(Mike Wise's words crossed our minds: "Every plan in South America is subject to change!")
We then decided to try to rent a fast boat in Nauta, and use this boat for the entire trip.....
We found the owner of a nice boat, the negotiations about the costs where done in a few hours,
and we had a deal, and a new plan.
The boat had a roof, 15 seats, and a lavatory! It had a 200 HP outboard motor, and could reach Intuto in approximately 9 hours, from Nauta. At least 300 gallons of fuel would be necessary for the planned trip!
The revised plan: To go from Iquitos (Marked yellow on the map) to Nauta (Marked red) by a car (the only road in the entire area),
then by the rented boat from there and upstream the Río Tigre all the way to Intuto (Marked purple on the map),
and from there to the mouth of the Río Pucacuro (Marked green on the map).
On our way back, we intended to stop to collect several other interesting fish...
The whole trip was assumed to last 5 days.
Off we went:
We left Iquitos in a taxi on Monday at 15:00, arrived Nauta one hour and a half later,
and booked a room in Nauta Inn, the local hotel:
We went down to the harbour, to inspect "our" boat, and to monitor the filling of 300 gallons of petrol,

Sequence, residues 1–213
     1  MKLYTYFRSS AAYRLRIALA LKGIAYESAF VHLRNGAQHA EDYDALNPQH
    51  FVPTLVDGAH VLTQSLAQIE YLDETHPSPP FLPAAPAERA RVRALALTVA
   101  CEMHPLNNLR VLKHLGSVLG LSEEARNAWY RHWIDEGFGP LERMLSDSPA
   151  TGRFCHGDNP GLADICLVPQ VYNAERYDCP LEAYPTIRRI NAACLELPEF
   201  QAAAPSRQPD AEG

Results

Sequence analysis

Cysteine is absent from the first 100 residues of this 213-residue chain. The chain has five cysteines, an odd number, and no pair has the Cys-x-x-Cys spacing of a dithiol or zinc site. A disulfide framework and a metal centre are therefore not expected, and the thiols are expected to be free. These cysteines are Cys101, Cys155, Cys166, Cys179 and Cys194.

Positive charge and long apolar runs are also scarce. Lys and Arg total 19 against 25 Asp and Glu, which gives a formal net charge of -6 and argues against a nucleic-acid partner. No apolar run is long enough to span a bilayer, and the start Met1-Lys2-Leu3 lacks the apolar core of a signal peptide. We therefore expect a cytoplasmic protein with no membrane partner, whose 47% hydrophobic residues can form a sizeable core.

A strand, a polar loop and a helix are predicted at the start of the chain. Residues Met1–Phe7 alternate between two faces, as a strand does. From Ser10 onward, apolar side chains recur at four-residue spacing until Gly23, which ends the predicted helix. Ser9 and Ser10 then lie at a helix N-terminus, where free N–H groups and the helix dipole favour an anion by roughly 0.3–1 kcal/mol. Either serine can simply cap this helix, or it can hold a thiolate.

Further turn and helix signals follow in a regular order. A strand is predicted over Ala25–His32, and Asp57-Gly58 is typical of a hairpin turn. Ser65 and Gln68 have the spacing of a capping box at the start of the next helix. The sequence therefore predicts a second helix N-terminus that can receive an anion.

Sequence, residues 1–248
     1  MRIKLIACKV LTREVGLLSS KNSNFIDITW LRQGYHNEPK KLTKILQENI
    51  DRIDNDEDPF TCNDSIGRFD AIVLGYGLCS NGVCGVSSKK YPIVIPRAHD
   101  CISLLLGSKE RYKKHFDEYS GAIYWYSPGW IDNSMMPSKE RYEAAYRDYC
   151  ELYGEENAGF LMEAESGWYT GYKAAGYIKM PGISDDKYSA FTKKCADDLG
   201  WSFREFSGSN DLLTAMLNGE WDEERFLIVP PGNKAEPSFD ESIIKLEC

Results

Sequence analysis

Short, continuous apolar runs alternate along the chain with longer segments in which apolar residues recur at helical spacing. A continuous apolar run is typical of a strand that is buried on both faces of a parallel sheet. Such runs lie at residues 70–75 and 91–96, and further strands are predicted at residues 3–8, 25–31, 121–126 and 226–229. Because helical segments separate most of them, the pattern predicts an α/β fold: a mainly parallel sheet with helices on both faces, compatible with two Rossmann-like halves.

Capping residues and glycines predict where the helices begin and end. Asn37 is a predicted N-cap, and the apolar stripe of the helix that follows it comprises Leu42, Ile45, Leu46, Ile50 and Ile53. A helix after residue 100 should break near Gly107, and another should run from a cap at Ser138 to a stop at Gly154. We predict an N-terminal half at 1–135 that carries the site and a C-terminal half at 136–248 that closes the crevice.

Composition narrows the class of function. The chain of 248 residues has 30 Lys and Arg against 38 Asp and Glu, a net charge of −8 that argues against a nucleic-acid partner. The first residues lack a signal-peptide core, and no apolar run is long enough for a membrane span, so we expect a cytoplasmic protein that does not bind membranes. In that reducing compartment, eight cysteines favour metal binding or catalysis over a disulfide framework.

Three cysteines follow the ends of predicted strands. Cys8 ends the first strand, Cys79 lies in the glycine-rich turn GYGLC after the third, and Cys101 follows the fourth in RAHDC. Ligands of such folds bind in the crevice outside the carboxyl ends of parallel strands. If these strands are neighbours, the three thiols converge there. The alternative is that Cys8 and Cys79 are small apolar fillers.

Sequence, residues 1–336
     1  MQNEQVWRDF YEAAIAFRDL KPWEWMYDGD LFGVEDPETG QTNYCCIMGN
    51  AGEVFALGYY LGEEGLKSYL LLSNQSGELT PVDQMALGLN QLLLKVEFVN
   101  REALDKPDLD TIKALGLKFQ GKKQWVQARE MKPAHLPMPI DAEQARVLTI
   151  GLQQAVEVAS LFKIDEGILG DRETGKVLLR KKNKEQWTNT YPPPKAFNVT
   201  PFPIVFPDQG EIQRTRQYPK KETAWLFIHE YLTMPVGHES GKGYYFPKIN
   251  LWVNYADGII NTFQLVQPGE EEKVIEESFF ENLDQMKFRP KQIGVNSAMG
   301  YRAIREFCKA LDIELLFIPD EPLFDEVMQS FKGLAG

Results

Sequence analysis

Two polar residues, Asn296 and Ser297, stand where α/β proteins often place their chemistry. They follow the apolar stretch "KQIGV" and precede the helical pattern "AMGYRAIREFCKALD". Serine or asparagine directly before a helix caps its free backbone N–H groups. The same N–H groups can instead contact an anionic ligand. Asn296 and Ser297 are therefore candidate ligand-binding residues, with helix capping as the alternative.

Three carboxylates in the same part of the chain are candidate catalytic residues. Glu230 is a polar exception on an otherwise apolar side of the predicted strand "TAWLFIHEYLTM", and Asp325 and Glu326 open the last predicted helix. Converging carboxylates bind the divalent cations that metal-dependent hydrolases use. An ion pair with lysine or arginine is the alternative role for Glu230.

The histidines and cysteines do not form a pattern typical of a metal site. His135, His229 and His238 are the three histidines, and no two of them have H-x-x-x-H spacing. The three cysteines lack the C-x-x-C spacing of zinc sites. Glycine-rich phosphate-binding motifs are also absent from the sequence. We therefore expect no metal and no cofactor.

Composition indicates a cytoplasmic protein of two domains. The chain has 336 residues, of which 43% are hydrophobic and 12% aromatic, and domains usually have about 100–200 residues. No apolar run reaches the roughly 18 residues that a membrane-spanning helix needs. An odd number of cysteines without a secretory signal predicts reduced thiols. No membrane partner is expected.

to insure none of it "disappeared":
The most luxury way we ever have travelled by boat! This amazing boat just for 5 people: the owner,
a driver, our fisherman, and Mark and I.:
The water level of the Río Marañon was extremely low:
While we went to bed in our hotel, we left our fisherman in the boat for the night (to look after all the fuel):
The next morning at 04:30 am:
At 05:00 am we left Nauta, heading for new, exiting adventures :-)) :
After two and a half hours and 72 km on the Río Marañon from Nauta, we could turn right
and enter the mouth of the Río Tigre :
Very low water:
We had been awake since 03:00 am, and Mark .....
We passed several small villages. Here the people have collected sand on the shores
to make concrete walkways in the muddy roads:
Most of these sandy shores are hidden below water most of the year. This is why we always have to